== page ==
Empowering Puerto Rico: A Proactive Approach to Addressing a Fragile Energy System

Puerto Rico, with its already fragile energy system exacerbated by natural disasters, lack of funds, and political instability, needs proactive measures to strengthen its climate resilience. Implementing rooftop solar energy and battery storage systems can address these challenges, providing reliable, cost-effective energy, mitigating social injustices, and increasing resilience to climate disasters.

Climate resilience has been a forefront topic for small island nations in recent years. Puerto Rico, a self-governing territory of the United States located in the northeastern Caribbean Sea, is no exception. Natural disasters, lack of governmental funds, and political instability have devastated the island’s energy infrastructure, leaving residents more vulnerable than ever to the effects of climate change.

Furthermore, these factors have hindered actionable measures to strengthen climate resilience within Puerto Rico’s energy system. As the effects of climate change continue to worsen, it is imperative that Puerto Rico implements innovative measures to secure a sustainable energy future for its residents.

This has led to the question: How can Puerto Rico proactively address issues that arise from a weakened energy system?

Studies have shown that Puerto Rico can be a model for large-scale implementation of rooftop solar energy and battery storage, given the island’s year-round sunlight. A 2020 report found that rooftop solar has the potential to provide four times the island’s residential electricity needs.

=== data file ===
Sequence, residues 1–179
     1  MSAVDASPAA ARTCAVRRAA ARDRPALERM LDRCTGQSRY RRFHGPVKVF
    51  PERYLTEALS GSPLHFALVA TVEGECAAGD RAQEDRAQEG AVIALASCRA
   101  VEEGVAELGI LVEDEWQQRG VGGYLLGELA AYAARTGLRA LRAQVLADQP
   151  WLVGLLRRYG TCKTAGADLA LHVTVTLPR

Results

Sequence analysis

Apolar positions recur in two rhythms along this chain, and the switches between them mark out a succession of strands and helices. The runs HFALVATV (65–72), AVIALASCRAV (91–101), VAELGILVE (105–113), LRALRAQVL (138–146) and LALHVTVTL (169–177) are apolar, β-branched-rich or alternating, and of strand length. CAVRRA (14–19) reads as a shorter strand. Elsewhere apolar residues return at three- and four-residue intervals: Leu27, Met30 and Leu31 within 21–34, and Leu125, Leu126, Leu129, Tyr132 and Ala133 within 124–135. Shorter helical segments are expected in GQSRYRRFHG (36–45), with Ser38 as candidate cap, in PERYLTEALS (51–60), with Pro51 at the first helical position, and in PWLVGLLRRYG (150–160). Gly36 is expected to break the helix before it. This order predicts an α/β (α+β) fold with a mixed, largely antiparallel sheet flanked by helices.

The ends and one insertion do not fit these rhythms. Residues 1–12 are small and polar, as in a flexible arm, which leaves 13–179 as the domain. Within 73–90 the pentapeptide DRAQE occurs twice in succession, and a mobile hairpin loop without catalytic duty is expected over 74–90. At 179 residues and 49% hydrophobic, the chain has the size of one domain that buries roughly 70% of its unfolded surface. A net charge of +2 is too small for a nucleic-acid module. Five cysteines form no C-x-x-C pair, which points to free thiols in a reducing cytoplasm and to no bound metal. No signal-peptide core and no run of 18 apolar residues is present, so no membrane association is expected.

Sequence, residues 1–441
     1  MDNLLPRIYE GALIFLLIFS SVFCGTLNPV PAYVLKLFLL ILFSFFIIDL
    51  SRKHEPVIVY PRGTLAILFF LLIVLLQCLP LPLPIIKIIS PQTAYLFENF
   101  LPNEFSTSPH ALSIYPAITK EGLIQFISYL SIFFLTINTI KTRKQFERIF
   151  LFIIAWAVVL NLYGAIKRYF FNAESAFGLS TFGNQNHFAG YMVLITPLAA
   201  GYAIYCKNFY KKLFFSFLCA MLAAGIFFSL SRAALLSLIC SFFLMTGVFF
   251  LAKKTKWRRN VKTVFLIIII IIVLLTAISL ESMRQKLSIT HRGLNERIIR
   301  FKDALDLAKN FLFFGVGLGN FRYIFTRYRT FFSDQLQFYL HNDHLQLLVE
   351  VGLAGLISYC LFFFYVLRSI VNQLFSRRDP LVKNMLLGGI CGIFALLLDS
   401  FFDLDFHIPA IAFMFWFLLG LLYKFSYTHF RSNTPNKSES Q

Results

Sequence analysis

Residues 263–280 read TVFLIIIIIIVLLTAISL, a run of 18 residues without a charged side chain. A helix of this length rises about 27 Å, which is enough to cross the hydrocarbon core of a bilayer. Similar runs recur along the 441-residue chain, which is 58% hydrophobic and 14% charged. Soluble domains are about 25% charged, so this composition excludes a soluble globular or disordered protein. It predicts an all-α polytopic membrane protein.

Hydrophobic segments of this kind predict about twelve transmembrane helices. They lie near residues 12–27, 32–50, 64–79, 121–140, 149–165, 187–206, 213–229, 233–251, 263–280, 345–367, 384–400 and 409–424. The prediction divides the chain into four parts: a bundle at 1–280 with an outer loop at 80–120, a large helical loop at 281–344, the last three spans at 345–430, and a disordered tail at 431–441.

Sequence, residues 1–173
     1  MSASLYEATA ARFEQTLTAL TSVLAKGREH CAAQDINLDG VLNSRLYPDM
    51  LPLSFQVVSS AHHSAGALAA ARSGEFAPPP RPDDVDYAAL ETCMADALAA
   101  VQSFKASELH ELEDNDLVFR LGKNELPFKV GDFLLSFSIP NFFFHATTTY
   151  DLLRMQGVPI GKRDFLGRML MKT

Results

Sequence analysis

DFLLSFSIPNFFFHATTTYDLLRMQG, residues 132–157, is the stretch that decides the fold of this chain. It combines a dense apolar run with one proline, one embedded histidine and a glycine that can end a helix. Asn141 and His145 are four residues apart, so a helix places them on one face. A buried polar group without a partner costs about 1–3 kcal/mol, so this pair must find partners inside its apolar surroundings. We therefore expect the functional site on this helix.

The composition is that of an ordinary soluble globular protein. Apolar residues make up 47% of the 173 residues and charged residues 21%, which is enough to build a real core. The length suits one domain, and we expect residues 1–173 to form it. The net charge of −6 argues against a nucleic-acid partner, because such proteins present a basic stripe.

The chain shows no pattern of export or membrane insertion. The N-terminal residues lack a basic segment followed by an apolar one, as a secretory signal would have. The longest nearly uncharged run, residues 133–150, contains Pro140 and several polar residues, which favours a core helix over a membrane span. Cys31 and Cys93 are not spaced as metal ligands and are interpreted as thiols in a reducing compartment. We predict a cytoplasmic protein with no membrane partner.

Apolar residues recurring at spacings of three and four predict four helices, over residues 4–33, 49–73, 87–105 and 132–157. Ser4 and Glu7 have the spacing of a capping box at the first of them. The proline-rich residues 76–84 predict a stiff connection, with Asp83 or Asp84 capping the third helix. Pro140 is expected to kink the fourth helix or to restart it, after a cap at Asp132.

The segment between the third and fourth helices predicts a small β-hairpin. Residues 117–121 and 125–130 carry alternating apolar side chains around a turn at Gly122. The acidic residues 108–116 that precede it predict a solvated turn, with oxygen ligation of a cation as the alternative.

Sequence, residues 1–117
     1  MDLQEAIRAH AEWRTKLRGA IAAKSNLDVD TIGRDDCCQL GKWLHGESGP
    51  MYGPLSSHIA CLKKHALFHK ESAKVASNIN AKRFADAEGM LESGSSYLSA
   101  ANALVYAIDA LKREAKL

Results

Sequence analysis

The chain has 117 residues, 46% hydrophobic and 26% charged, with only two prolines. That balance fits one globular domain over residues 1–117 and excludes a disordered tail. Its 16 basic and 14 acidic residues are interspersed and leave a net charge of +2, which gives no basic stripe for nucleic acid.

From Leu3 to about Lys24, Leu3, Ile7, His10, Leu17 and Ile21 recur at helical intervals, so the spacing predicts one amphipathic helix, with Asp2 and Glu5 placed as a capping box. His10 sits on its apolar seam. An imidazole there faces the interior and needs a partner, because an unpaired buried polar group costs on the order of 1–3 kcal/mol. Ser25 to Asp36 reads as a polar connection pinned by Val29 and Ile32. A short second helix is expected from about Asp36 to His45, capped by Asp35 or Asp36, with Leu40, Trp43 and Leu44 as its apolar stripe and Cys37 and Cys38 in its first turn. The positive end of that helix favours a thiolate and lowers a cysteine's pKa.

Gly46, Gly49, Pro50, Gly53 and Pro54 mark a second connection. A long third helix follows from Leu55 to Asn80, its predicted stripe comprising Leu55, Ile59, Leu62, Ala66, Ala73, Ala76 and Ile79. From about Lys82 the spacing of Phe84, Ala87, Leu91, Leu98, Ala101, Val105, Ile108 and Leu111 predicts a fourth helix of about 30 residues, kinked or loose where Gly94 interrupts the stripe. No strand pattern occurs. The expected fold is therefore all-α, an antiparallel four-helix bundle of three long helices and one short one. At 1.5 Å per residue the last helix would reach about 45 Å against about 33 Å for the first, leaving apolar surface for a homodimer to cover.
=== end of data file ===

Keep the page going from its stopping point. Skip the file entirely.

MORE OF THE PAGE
Solar energy could also support the mitigation of social injustices in Puerto Rico. Due to the lack of adequate infrastructure for energy production, Puerto Rico is highly reliant on fuel imports for energy generation. As a result, residents are obligated to pay higher electricity prices than any U.S. state. Due to compounding injustices, Puerto Rico’s median income of $19,000, which is around one-third of the United States, impedes energy security on the island. Studies have shown that the implementation of solar will be more cost-effective in the long run than the status quo.

In addition, solar power contributes to a stronger, more climate resilient energy system. This benefit is important for Puerto Rico as the Caribbean is a hotspot for destructive hurricanes. Hurricanes like Irma, María, and Fiona have caused severe damage to the island’s electric grid, causing island-wide power blackouts. Puerto Rico also suffers from undersea tectonically active faults that have significantly damaged power plants and left up to two-thirds of Puerto Rico’s residents without electricity at the time. 

Following many of these natural disasters, particularly Hurricane María in 2017, island-wide blackouts directly impacted hospital operations, caused food and water shortages, and led to communication breakdowns. In response, many people switched to rooftop solar power as it was seen as a more reliable source of electricity. Consequently, this has also helped the island lower their dependence on fossil fuels, an import that becomes scarce after extreme weather events impact Puerto Rico.

Therefore, implementing rooftop solar energy and battery storage systems in Puerto Rico can help address the challenges of a weakened energy system. Casa Pueblo, a non-profit organization advocating for the transition towards renewable energy, has shown that installing rooftop solar for a community ensures a reliable energy supply for communities.

In the aftermath of Hurricane María, Casa Pueblo was able to provide electricity to their community through a microgrid. This was essential, allowing the rural community to access filtered water and food while access into towns had been blocked by fallen trees. Overall, solar energy can provide reliable and cost-effective energy to the island’s residents but also mitigate social injustices and increase resilience against climate disasters.

This insight is a part of our Undergraduate Seminar Fellows’ Student Blog Series. Learn more about the Undergraduate Climate and Energy Seminar.

Bianca Montañez

Student Advisory Council Member
Bianca Montañez is a member of the Kleinman Center’s Student Advisory Council and is an undergraduate student in the College of Arts and Sciences. Montañez was also a 2023 Undergraduate Student Fellow.